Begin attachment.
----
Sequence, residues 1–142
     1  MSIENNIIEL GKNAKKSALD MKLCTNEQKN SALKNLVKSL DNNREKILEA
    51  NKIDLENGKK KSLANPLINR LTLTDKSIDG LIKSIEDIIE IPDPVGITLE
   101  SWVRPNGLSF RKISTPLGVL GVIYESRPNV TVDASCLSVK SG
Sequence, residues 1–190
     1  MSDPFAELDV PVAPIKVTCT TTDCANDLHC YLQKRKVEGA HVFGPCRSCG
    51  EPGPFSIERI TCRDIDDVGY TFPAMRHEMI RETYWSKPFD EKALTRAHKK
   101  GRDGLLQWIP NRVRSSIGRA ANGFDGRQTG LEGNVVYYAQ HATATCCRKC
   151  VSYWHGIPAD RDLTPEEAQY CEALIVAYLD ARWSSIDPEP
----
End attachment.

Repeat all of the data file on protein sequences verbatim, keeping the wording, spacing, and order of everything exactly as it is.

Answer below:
Sequence, residues 1–142
     1  MSIENNIIEL GKNAKKSALD MKLCTNEQKN SALKNLVKSL DNNREKILEA
    51  NKIDLENGKK KSLANPLINR LTLTDKSIDG LIKSIEDIIE IPDPVGITLE
   101  SWVRPNGLSF RKISTPLGVL GVIYESRPNV TVDASCLSVK SG
Sequence, residues 1–190
     1  MSDPFAELDV PVAPIKVTCT TTDCANDLHC YLQKRKVEGA HVFGPCRSCG
    51  EPGPFSIERI TCRDIDDVGY TFPAMRHEMI RETYWSKPFD EKALTRAHKK
   101  GRDGLLQWIP NRVRSSIGRA ANGFDGRQTG LEGNVVYYAQ HATATCCRKC
   151  VSYWHGIPAD RDLTPEEAQY CEALIVAYLD ARWSSIDPEP